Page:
The following sessions may be approved for ethics credits by many of the accrediting agencies. Ethics credit for these sessions may not be available in all instances. Please reference the ethics accreditation information for your specific jurisdiction and profession.
Wednesday, January 15th Special Session II-D (3:50 - 5:20 p.m.)
How To Practice Law, Abide by the Rules of Professional Conduct, and Have a Life that Rules
Nancy C. Hughes, Louis S. Harrison
Want a life outside the practice that rules? Save 4 weeks of time annually by implementing techniques designed to manage your practice efficiently and competently, while complying with the Rules of Professional Conduct.
Thursday, January 16th - Special Session III-F (2:00 - 3:30 p.m.)
Ethics in Charitable Gift Planning for All the Players
Conrad Teitell, Heather J. Rhoades
Many disciplines are involved. Professionals should know the ethics rules of their own professions and those of the others. Through 15 hypoethicals in this audience-participation session, you'll learn how to spot the issues and comply with the rules. In the process, you'll also learn important substantive rules. Not knowing your stuff is also unethical — not to mention malpractice.
Thursday, January 16th - Special Session IV-E (3:50 - 5:20 p.m.)
Ethics in Estate and Trust Disputes (a/k/a Tales from the Crypt)
Steven K. Mignogna, Charles D. "Skip" Fox IV, Jessica A. Uzcategui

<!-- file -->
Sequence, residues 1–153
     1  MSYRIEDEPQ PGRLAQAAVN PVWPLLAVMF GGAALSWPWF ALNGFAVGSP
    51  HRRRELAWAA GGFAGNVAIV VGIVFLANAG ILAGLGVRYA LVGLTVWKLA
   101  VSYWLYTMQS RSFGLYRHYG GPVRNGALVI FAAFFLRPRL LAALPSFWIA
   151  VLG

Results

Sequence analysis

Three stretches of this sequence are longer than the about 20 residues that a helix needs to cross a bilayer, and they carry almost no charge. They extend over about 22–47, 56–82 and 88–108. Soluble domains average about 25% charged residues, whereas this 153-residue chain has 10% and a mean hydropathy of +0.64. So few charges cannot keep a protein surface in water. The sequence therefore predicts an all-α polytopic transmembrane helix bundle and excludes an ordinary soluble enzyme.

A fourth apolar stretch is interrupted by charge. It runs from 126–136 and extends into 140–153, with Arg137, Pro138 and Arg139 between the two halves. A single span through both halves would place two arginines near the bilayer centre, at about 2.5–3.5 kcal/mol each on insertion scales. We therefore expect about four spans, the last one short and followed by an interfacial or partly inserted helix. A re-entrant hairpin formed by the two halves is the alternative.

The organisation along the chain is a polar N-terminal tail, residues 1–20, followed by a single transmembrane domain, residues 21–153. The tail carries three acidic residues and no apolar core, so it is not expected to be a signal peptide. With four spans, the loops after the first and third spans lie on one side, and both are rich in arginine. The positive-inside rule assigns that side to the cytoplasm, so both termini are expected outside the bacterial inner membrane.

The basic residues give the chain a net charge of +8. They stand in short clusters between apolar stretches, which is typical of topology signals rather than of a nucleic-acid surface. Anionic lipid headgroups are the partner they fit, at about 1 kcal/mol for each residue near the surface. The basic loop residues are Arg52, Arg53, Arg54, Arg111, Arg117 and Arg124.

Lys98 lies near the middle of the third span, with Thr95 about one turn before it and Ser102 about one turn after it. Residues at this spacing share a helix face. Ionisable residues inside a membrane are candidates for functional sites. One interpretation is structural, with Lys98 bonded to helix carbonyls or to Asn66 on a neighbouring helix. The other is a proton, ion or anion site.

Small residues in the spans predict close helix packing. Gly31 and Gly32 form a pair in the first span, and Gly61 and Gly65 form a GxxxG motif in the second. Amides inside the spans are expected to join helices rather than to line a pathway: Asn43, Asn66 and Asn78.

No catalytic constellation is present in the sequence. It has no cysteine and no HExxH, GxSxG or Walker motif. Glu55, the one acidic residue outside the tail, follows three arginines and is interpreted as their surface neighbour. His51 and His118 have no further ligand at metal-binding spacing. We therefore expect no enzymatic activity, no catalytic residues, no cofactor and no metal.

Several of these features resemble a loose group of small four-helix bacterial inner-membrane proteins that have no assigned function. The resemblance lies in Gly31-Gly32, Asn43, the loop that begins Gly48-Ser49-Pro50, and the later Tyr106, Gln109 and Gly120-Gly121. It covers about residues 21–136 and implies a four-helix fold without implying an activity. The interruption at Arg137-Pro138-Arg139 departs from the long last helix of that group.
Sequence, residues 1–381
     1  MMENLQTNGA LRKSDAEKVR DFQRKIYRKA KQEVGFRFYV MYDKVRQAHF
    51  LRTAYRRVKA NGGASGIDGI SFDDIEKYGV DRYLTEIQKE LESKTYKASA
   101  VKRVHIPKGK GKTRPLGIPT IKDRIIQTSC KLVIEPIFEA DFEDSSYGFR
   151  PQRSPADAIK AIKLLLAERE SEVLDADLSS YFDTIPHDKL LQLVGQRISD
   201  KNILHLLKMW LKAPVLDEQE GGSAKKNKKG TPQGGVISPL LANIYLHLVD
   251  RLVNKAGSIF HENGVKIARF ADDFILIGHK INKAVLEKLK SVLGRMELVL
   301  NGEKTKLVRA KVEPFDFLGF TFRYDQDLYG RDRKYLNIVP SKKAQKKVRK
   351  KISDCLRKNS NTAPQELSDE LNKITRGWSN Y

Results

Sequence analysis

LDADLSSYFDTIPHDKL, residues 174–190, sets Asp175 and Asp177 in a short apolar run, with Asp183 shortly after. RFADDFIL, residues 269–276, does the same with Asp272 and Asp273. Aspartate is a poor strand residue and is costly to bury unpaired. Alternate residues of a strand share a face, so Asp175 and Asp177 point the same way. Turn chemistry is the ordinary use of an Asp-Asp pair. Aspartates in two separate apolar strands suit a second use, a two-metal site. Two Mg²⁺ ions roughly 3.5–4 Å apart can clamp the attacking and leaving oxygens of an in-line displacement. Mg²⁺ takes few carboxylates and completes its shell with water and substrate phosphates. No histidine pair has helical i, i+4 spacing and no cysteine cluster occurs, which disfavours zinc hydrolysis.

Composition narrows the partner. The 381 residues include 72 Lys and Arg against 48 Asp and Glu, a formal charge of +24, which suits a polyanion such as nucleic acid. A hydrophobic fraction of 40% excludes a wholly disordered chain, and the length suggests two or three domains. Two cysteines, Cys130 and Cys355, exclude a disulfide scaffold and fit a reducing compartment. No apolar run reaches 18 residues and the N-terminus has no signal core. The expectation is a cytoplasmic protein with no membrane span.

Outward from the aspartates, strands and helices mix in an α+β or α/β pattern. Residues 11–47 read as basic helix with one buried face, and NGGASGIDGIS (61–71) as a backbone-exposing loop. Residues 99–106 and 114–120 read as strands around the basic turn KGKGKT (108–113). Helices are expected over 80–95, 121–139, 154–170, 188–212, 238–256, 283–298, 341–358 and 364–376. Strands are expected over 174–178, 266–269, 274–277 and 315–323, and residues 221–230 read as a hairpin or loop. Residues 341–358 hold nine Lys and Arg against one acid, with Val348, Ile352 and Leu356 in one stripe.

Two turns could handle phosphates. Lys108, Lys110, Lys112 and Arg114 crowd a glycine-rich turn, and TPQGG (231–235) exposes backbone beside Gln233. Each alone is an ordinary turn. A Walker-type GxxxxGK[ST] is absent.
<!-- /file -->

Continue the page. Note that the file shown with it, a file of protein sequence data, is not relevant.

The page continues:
Ethical duties often collide in estate and trust disputes. The program will target the most crucial ethics issues and national trends, including: conflicts of interest; confidentiality and privilege; duties in the drafting process; counsel fees; liability in court-appointed positions; and unauthorized practice of law. The session will benefit those professionals who create estate plans, those who deal with disputes and litigation about those plans - and those who don't want to be the target of litigation.
Friday, January 17th - 9:50 – 10:40 a.m.
Asset Protection Planning – Ethical? Legal? Obligatory?
Daniel S. Rubin
Professional ethical obligations, as well as the potential for civil and criminal liability, will give thoughtful counsel pause. The ethical advisor will always act to further his or her client's asset protection plan with appropriate due diligence and within permissible bounds as set forth under the governing rules of ethics - the parameters of which will be discussed in this program.